The so-called Tebow bill has been a recurring piece of proposed Virginia legislation for nearly 20 years. Nicknamed after Heisman-winning football player and former home-schooled student Tim Tebow, the bill seeks to allow home-schooled students to participate in public school sports and other interscholastic competitions.
Proposed by Del. Rob Bell, R-Albemarle, each session since 2010, the bill and other home schooling issues remain a focal point of Bell’s.
His mother, Mary Bell, had been an early supporter of home schooling in the commonwealth, back when it was far less common. Though Bell himself was not home-schooled, both of his siblings were, and his mother spoke to the General Assembly on several occasions.
“She came and testified in Richmond when I was in college,” Bell said. “Back then, there were only a few thousand home-schooled students in the state. Now there are more than 30,000.”
Though the Tebow bill passed the last three years, it was vetoed every time by then-Gov. Terry McAuliffe.
“Participation in athletic and academic competitions is a privilege for students who satisfy eligibility requirements,” McAuliffe said in a statement announcing his 2017 veto. “Opening participation in those competitions to individuals who are not required to satisfy the same criteria codifies academic inequality in interscholastic competition.”
Not everyone sees it this way. Karen Skelton, president of the Organization of Virginia Homeschoolers, said she dislikes the “Tebow” nickname because it dates the bill and makes it sound like it’s all about football. Instead, Skelton calls it the “sports access bill,” which she said reflects the intent more accurately.
“The name of the bill is ‘interscholastic’ activities, so it’s anything that’s competitive — drama, debate, theater programs,” she said. “Most of the people who are asking for this aren’t football players; they’re gymnasts, swimmers, wrestlers — good luck finding some other programs that offer wrestling.”
Though opponents of the bill often will cite recreation sports leagues as an alternative, not all home-schooled students have this option, Skelton said.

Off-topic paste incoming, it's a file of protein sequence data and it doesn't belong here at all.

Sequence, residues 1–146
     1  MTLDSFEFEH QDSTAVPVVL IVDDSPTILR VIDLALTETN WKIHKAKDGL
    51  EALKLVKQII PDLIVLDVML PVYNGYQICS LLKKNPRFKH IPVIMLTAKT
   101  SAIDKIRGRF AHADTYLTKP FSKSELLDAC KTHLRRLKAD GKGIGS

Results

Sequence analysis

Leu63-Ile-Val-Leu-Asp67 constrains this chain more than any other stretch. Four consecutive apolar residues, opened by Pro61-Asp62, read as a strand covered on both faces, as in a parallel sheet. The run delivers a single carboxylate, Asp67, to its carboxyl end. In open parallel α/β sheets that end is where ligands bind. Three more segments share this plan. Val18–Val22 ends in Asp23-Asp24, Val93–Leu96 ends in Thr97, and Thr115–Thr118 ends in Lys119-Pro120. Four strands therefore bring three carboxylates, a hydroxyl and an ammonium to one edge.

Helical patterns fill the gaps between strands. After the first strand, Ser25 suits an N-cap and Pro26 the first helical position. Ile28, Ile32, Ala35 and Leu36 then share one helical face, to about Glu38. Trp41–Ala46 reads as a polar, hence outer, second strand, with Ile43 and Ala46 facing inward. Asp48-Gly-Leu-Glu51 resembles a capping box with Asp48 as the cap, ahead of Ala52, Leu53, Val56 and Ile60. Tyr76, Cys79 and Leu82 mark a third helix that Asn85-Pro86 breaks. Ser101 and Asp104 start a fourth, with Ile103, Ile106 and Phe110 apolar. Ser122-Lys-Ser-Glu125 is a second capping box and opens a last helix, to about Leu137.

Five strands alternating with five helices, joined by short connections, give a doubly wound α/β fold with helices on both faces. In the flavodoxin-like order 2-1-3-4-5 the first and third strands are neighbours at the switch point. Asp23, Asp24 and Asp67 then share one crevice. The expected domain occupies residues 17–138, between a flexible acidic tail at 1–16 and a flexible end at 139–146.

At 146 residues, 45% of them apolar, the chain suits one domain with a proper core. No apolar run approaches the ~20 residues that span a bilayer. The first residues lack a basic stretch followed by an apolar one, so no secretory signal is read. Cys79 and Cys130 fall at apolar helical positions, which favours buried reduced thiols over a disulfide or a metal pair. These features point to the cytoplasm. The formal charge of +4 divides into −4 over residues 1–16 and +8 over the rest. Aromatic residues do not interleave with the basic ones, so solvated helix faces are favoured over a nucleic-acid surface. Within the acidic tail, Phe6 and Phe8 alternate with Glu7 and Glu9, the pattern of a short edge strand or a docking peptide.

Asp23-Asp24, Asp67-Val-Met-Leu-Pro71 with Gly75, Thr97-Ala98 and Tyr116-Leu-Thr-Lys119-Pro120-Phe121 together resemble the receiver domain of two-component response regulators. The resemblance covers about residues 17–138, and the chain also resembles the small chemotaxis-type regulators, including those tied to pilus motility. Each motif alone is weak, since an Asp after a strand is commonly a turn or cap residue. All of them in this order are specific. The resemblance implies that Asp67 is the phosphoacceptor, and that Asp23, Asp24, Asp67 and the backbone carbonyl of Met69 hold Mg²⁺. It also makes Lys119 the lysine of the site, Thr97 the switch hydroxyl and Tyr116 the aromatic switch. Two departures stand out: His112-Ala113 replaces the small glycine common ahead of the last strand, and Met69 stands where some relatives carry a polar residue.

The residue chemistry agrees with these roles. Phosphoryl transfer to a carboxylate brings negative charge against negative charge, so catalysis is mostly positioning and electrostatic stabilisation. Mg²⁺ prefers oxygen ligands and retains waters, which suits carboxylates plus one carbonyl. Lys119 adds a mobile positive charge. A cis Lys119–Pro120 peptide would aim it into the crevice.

Bell also has sponsored two bills this session aimed at giving home-schooled students access to public school academic programs.
One of those bills, HB 497, would allow home-schooled students access to dual-enrollment classes.
Currently, home-schooled students have access to these classes but usually must attend them at the partner college, and at their own expense. Bell said this provides a different, “lopsided” experience than public school students in dual-enrollment courses have.
“The classes usually are physically at the high school, and while home-school students can take those classes at the colleges, that’s not going to be quite the same class,” Bell said.
The other education access bill proposed by Bell, HB 521, would allow home-schooled students access to Virtual Virginia, an online program that has offered courses through the Virginia Department of Education since 2002.
Bell sees Virtual Virginia as a useful tool both for home-schooled students trying to take courses not offered elsewhere and for public school students who want to leave school for a couple years.
“Socially, things can be very rough for some students, particularly around middle-school age,” Bell said. “This bill would allow them to leave public education for a couple years without missing out on education opportunities.”
Similar to dual-enrollment courses, Virtual Virginia is open to home-schooled students, but requires them to pay a fee that public school students participating in the Early College Scholars program don’t have to. Non-public school students pay $499 per three-credit course.
In the 2016-17 school year, 14 home-schooled students took a total of 25 courses through Virtual Virginia.
Even though public schooling is funded primarily through real estate taxes — which both public school and home-school parents pay — non-public school students have to pay a fee to use Virtual Virginia because they are not accounted for in funding.
Virginia Education Association spokesman John O’Neil said the problem comes down to inadequate funding.
“We’re concerned that these bills would diminish the schools, in part because there are potential budget implications here,” he said. “When you start opening programs for home-schoolers, no state money comes with that. State money is only allocated for students who enroll in the public schools.”
Charles Pyle, spokesman for the Virginia Department of Education, said they are still analyzing Bell’s bills and are unsure how the passage of HB 521 would affect Virtual Virginia funding.
Pyle did clear up a misconception about Virtual Virginia — that home-schooled students registering for classes via the program would be considered public school students and thus eligible to compete in interscholastic programs.
“Non-public school students using Virtual Virginia are not considered public school students unless they register for the full-time program through their local high school,” he said. “Generally, interscholastic program decisions are left up to the school districts.”
Even if Bell’s Tebow bill passes again this session, it’s unlikely to be signed into law. Democratic Gov. Ralph Northam, while serving as a state senator in 2012, voted against a similar bill, helping to kill it.